overhead press alternative
Fitness

10 Overhead Press Alternatives That Are Actually Good

The overhead press is a foundational compound free weight exercise that will get you bigger and stronger faster. To completely develop all three deltoid heads and promote complete upper body power, however, it’s a good idea to include a range of alternative exercises. In this article, we present 10 great overhead press alternatives.

Muscles Worked by the Overhead Press

The prime muscle movers when doing the overhead press are the front and side deltoids. There are three separate muscles (or heads) that make up the deltoids and this exercise works the two largest. This exercise will also provide secondary stress on the upper trapezius, rhomboids, and abdominals.

Benefits of the Overhead Press

1. Core Stability

When you are pushing a heavy weight overhead, you need to maintain a tight core for stability. As you progressively increase resistance, your core will become stronger and your balance of power will improve.

2. Shoulder Mass

The overhead press will make your shoulders wider and thicker.

3. Improved Bench

The stronger your front deltoids, the more weight you will be able to bench press, so the overhead press will indirectly improve your bench numbers.

10 Great Overhead Press Alternatives

1. Incline Cuban Press

Muscles Worked:

Posterior delts, trapezius, rotator cuff

Equipment Needed:

Dumbbells and an Incline bench

Why It’s a Great Alternative

The Incline Cuban press will strengthen the supporting muscles around the scapular and rotator cuff. These muscles are often overlooked by other exercises. Strengthening them will make you less prone to injury.

How to do it:

  1. Lie facedown on an incline bench with your palms turned back and holding dumbbells in your hands, hanging down but not quite touching the floor.
  2. Rise the elbows so that they are flared directly out to the sides of the body at a 90-degree angle.
  3. Leaving the elbows in place, rotate the back until the upper arm is parallel to the floor and forming a letter L that can be seen from above.
  4. Reverse the entire motion in a slow, controlled manner until you reach the starting point. 

2. Muscle Clean

Muscles Worked:

Deltoids, trapezius, rhomboids

Equipment Needed:

Olympic barbell

Why It’s a Great Alternative

The muscle clean is an awesome power-building compound exercise that will allow you to push more weight on all other shoulder press alternatives. This compound push exercise will strengthen your entire upper body. It is a fundamental explosive movement.

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How to do it:

  1. Stand erect, holding a barbell in an overhand grip and feet hip width apart.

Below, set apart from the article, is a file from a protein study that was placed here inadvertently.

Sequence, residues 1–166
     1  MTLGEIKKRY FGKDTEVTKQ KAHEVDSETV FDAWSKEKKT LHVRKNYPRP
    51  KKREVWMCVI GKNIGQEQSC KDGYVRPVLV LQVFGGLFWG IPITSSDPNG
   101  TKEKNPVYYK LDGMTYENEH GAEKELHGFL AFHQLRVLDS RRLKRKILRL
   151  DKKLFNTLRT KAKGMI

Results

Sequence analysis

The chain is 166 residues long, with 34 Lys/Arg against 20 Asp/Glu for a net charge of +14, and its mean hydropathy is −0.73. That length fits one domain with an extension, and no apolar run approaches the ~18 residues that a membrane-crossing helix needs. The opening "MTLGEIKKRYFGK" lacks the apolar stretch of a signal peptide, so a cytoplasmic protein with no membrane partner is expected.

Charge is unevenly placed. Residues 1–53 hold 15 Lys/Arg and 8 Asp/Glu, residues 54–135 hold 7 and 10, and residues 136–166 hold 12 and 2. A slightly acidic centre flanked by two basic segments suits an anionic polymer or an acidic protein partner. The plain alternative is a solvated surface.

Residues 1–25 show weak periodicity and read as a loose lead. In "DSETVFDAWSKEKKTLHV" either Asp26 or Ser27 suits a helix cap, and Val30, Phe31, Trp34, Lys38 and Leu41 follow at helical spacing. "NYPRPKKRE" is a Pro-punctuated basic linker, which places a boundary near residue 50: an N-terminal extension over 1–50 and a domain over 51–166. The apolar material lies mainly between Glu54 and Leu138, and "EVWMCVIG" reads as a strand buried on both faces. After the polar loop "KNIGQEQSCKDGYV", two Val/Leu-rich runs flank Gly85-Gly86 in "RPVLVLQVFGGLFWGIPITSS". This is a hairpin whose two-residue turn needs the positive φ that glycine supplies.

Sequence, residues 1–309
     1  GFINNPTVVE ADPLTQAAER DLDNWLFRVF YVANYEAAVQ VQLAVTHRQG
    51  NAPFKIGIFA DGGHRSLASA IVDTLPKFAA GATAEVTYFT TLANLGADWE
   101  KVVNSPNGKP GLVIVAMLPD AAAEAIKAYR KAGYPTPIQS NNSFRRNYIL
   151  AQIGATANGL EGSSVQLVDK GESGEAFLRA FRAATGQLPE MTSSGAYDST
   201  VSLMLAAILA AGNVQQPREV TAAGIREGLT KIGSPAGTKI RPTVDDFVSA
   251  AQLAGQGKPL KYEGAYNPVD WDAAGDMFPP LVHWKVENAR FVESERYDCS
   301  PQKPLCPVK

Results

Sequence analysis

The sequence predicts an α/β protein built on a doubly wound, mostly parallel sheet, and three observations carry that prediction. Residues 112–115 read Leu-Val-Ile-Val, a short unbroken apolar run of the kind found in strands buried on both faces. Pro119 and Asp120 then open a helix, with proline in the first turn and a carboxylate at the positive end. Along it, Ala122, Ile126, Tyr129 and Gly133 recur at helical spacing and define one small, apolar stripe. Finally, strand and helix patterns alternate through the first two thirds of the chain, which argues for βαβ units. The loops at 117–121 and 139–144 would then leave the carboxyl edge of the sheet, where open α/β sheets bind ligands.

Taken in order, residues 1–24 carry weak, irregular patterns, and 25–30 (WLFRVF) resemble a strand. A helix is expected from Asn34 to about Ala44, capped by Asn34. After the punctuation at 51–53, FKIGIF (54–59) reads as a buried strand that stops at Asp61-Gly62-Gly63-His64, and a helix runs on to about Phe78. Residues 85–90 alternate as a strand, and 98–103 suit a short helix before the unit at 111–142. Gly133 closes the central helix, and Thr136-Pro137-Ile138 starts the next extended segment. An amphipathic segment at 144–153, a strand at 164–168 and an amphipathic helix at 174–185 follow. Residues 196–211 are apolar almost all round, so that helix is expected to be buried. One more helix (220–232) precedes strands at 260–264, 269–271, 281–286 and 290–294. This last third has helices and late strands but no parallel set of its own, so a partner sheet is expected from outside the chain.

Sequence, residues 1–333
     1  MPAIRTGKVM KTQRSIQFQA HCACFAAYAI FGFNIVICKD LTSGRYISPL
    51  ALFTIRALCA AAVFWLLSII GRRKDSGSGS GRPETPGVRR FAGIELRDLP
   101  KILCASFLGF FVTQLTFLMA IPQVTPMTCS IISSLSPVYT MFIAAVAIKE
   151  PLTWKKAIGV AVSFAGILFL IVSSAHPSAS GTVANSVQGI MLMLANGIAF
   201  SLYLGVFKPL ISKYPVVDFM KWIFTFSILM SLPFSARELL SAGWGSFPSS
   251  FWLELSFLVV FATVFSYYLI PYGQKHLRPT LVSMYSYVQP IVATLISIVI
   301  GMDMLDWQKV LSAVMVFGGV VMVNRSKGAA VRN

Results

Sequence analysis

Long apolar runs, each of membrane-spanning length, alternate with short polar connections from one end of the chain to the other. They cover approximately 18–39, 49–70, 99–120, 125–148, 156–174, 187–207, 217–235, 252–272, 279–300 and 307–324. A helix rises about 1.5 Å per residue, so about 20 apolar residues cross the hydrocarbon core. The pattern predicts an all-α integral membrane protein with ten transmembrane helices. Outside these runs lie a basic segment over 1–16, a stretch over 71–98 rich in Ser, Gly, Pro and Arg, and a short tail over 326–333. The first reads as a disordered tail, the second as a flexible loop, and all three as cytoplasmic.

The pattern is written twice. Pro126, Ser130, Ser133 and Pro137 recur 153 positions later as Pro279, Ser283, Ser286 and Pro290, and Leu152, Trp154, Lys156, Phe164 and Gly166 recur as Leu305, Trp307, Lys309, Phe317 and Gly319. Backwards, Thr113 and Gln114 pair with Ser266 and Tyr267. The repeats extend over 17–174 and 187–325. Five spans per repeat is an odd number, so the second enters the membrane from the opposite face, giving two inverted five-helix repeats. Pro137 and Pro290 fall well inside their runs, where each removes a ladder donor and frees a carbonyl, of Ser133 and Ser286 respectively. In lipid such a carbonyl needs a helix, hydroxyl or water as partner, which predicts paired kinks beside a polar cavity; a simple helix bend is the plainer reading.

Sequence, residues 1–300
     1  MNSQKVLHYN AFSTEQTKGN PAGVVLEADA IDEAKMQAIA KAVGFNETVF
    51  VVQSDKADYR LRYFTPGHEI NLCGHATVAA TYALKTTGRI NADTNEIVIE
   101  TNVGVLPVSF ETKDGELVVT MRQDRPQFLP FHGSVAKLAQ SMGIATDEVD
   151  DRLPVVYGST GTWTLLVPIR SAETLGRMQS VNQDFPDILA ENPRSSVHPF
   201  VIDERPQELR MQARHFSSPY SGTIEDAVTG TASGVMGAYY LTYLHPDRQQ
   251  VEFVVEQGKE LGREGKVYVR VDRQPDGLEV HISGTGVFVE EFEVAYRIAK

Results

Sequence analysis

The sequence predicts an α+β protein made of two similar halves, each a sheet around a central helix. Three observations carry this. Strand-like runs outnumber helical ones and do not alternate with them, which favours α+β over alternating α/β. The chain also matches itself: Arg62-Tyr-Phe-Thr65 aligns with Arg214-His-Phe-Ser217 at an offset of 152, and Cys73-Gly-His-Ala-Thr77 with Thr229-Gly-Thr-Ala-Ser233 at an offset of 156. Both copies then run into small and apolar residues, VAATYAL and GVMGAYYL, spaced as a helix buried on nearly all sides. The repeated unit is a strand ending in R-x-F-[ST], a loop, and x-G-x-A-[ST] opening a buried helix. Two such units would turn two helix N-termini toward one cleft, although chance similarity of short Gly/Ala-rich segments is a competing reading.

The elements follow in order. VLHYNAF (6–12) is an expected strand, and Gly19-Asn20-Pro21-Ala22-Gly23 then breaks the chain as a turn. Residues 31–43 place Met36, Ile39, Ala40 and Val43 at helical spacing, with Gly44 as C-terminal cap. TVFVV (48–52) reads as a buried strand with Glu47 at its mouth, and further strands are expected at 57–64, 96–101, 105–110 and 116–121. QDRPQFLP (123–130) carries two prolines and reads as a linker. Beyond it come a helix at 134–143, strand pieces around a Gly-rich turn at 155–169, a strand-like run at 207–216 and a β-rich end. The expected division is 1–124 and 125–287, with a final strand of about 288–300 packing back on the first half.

2. Pull the elbows up as you would for an upright row When near the top of the upright row, shoot the elbows down, under, and through the bar to catch the bar as you would for a hang clean. 
  3. Reverse the action to return to the start position.

3. Military Press

Muscles Worked:

Front and side deltoids

Equipment Needed:

Bench, Olympic barbell

Why It’s a Great Alternative

The military press is a more shoulder joint-friendly version of the overhead barbell or dumbbell shoulder press. 

How to do it:

  1. Sit on a bench with a barbell resting on your clavicles.
  2. Press the bar directly overhead until the elbows are locked.
  3. Lower and repeat.

Note: use a spotter to help you get the bar in the starting position.

4. Bradford Press

Muscles Worked:

Deltoids

Equipment Needed:

Olympic barbell

Why It’s a Great Alternative

The Bradford Press provides a fuller range of motion than the standard overhead press. 

How to do it:

  1. Hold a barbell at chin level with an overhand shoulder-width grip. The elbows should be directly in front of the shoulders.
  2. Press the barbell up to the top of the head, then take the barbell over the top of the head, turning the elbows out slightly to help take the bar behind the head to the base of the skull.
  3. Slowly return to the start position.

5. Lateral Raise

Muscles Worked:

Side (lateral) deltoids

Equipment Needed:

Dumbbells

Why It’s a Great Alternative

The lateral raise is the best exercise you can do to target the lateral deltoid. It provides constant tension which you cannot get when you use dumbbells.

How to do it:

  1. Stand erect with a pair of dumbbells directly at your sides, holding the dumbbells in a neutral grip, and turning your palms toward your body.
  2. Keeping the arms nearly straight (slight bend in the elbows), raise the dumbbells straight out laterally until they reach at or just below shoulder level so the arms and body make a 90-degree angle on each side.
  3. Return to the starting position in a controlled manner.

6. Front Plate Raise

Muscles Worked:

Deltoids

Equipment Needed:

Weight plate

Why It’s a Great Alternative

The Front Plate Raise allows you to directly stress your front delts with a single plate movement. Keep your range of movement short to keep the intensity on the working muscle.

How to do it:

  1. Stand with a weight plate held at arm’s length with an overhand grip, palms facing the body.
  2. Keeping the arms nearly straight (slight bend in the elbows), raise the dumbbells straight up in front of you until they reach shoulder level.